Home | News    Sunday 28 August 2011

Sudan president pardons detained journalists

August 27, 2011 (KHARTOUM) – The Sudanese president Omer Hassan Al-Bashir has ordered the release of all journalists detained by the security authorities.

The president of Sudan Omer Al-Bashir (AFP)

Sudanese journalists have been increasingly subjected to legal proceedings and incarceration on the grounds of reporting on issues deemed sensitive by the country’s security apparatus.

Recently, two female journalists were sent to jail on charges arising from writing on the alleged rape of a female activist by security agents.

A number of journalists from the country’s western region of Darfur are currently standing trial on account of their cooperation with the Netherlands-based Radio Dabanaga, which is banned by the authorities.

This month Sudanese authorities released Abu Zar Al-Amin, the deputy editor-in-chief of the pro-opposition Ra’y Al-Sha’b, after he served a prison term of nearly two years against the paper’s reporting on alleged cooperation between Sudan and the Iran’s Revolutionary Guards.

“In honor of journalists on this occasion I order the release of all detained journalists,” Al-Bashir said on Saturday in an address to a gathering of journalists in the capital Khartoum.

Fresh violations of press freedom occurred this month in Sudan. The authorities temporarily suspended the publication of two dailies, Al-Jaridah and Al-Ahdath, without giving reasons.

Lobby groups and international organisations have accused Al-Bashir’s government of curtailing press freedom and using sham legal proceedings to target individual journalists and newspaper.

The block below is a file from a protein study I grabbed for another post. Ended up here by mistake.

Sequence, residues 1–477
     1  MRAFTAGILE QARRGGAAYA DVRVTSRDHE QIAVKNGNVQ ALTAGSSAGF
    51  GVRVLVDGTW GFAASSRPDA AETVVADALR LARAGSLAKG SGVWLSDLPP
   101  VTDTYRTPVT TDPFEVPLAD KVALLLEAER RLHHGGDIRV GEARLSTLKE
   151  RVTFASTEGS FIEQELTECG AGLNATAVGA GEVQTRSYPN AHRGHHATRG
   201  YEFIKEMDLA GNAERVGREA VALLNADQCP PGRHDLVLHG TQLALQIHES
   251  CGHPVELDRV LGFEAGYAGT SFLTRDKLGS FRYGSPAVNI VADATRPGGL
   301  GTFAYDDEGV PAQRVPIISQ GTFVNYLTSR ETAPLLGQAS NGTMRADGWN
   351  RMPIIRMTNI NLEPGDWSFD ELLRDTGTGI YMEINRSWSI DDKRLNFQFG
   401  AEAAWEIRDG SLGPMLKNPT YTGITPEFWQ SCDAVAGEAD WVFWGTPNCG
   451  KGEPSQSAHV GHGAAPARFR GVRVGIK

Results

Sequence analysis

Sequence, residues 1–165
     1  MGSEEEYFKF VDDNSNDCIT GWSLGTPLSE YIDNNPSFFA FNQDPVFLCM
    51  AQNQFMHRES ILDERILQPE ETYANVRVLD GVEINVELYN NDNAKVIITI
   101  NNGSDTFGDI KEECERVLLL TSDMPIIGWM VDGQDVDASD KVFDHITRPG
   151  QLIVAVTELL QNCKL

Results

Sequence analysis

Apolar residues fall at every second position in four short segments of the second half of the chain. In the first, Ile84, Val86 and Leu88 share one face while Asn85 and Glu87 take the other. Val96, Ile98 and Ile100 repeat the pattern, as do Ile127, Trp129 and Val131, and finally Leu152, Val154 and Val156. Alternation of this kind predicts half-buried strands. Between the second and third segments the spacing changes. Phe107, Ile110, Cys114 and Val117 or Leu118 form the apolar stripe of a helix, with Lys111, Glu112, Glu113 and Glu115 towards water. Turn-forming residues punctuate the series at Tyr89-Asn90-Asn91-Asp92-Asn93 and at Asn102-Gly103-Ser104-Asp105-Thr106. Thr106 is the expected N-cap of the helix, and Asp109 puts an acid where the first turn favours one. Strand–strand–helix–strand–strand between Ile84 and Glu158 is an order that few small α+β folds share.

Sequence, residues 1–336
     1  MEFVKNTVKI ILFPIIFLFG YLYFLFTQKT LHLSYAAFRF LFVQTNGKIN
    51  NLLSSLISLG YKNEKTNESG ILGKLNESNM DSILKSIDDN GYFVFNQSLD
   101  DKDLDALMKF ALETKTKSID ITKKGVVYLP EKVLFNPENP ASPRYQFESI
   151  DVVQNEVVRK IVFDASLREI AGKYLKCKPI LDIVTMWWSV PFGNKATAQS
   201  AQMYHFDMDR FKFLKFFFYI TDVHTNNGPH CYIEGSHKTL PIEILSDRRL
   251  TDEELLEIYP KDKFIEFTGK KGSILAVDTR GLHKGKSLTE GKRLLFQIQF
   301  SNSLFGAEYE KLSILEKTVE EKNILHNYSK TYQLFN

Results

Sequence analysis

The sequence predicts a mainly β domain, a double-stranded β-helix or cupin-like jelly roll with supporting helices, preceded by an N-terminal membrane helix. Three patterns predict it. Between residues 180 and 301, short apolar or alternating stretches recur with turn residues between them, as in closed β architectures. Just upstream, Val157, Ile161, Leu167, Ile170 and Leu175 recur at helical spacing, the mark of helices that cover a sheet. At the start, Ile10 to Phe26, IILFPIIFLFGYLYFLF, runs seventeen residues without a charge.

Margot Wallström, the special representative of the UN’s secretary-general on Sexual Violence in Conflict, this month condemned the jailing of journalists for speaking against rape incidents. “Rapists – not reporters – must face criminal charges in the Sudan,” she said.

Reporters Without Borders, a Paris-based press-freedom watchdog, in June lamented “the disgraceful way the authorities are harassing and prosecuting journalists in Khartoum and the north of the country in an attempt to silence them and stop embarrassing revelations about human rights violation by the security forces.”

Also in June, the Committee to Protect Journalists (CPJ), a New York-based advocacy group, said that Sudanese authorities continue to “aggressively” target individual journalists and publications through “contrived legal proceedings, politicized criminal charges, and confiscations.”

Results published as part of UNESCO 2011 World Press Freedom Day, Sudan ranks as 40 out of 48 in Sub-Saharan Africa for press freedom. Amnesty International described Sudan as a place where freedom of speech is being "openly violated”

(ST)